Along the remote southern coast of Haiti, a pregnant woman needed rapid medical care. Her blood pressure was too high. This was an emergency situation and she needed to get to a hospital as soon as possible. Fortunately, one of our Haitian Medical Teams was in the right place at the right time to help.
This happened on the day one of our medical teams held clinic in Corail Lamothe, a small village a few miles inland from Haiti’s Caribbean coast. Our medical teams in Haiti hold clinic days on a rotating basis in 16 locations throughout the island nation and Corail Lamothe is one of these spots. It’s remote and lacking in any basic services.
Our team this day consisted of two doctors and two nurses – Drs. Jackenson Davilmar and Kethia Lamour, and nurses Ludnie Janvier and Nathalie Pierre. Haitians all, they provide direct patient care along with our other Haitian Medical Teams to a population of approximately a quarter-million people in the remote and rugged mountains of southeast Haiti.
Preeclampsia is a pregnancy complication characterized by high blood pressure and signs of damage to another organ system, often the kidneys. Left untreated, preeclampsia can lead to serious, even fatal, complications for both the mother and the baby – Mayo Clinic
When the pregnant woman arrived at the clinic, she was full-term, and just about ready to deliver her baby. Our team knew she was in trouble. She had very high blood pressure. A pregnancy disorder called Preeclampsia, without quick treatment, can have dire results for both the mother and child. She needed more care than our team could provide on the spot, she needed to get to a hospital and she needed to get to one quickly. The problem – how to get her there?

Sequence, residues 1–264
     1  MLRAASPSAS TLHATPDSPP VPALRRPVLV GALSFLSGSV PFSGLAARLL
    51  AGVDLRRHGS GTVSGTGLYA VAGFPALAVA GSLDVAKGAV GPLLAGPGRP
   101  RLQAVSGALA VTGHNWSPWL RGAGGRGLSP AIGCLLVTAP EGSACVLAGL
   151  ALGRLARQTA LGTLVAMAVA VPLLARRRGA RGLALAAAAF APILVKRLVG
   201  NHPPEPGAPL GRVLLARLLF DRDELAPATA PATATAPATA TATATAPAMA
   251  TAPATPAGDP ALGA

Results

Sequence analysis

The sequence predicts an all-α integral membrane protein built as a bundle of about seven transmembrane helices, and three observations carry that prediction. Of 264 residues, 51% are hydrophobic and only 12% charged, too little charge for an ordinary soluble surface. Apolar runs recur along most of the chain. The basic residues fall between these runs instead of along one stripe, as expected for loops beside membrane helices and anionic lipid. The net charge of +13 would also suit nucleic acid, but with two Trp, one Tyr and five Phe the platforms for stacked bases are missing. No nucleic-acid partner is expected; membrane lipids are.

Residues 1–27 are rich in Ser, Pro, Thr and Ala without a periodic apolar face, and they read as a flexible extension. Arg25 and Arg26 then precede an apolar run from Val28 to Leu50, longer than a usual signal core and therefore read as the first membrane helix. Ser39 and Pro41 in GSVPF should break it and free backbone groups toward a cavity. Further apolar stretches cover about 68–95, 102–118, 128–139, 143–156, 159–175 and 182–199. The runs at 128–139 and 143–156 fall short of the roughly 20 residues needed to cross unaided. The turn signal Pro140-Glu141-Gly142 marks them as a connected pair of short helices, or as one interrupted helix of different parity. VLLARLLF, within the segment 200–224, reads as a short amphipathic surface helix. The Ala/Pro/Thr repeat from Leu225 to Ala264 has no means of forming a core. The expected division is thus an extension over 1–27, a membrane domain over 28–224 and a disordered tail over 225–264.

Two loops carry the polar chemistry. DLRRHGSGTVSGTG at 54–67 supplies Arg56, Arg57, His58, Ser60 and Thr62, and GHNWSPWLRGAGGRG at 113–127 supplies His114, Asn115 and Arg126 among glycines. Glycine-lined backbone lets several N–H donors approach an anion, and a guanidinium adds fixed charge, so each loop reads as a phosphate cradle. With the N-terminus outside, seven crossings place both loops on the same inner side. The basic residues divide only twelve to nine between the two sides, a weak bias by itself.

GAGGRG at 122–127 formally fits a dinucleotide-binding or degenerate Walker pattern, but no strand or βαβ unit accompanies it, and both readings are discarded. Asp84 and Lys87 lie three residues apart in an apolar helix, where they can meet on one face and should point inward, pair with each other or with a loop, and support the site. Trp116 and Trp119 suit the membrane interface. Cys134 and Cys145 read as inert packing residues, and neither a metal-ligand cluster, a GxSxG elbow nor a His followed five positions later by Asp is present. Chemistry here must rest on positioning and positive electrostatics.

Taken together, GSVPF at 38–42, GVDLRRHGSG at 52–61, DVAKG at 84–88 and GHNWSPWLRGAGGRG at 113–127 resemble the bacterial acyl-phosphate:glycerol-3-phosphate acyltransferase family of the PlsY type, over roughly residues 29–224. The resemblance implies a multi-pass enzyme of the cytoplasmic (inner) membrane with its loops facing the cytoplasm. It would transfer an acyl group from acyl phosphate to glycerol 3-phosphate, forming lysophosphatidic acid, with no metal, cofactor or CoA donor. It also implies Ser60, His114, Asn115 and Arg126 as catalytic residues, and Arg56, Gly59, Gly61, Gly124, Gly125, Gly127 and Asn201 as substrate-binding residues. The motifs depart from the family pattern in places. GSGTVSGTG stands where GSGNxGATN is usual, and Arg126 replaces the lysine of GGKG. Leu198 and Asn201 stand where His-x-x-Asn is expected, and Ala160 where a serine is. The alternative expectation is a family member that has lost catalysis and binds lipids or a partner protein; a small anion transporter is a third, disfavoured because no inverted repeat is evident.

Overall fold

The quickest and simplest way to get her to a hospital would be by boat. The rock-strewn roads in this remote area of Haiti are difficult to drive, to say the least, and taking the woman by vehicle could have taken hours and would have been terribly uncomfortable.
One of our Haitian Medical Teams once helped to deliver a baby on the side of a road
Our team loaded the woman into a vehicle and arranged for a boat to meet them on the beach in the town of Belle Anse, about a 40 minute drive from the clinic site. Splitting the cost with the Corail Lamothe Federation, a local community group, we hired a boat and driver to serve as a waterborne ambulance, and accompanied by another nurse, the ailing mother made the roughly 30-mile trip by sea to reach the city of Jacmel and the new Hospital Saint-Michel.
As the photos show – once she reached the hospital the woman gave birth to healthy baby. At last report both are doing well. If it hadn’t been for the quick action by our team, the results may have turned out poorly for both mother and child.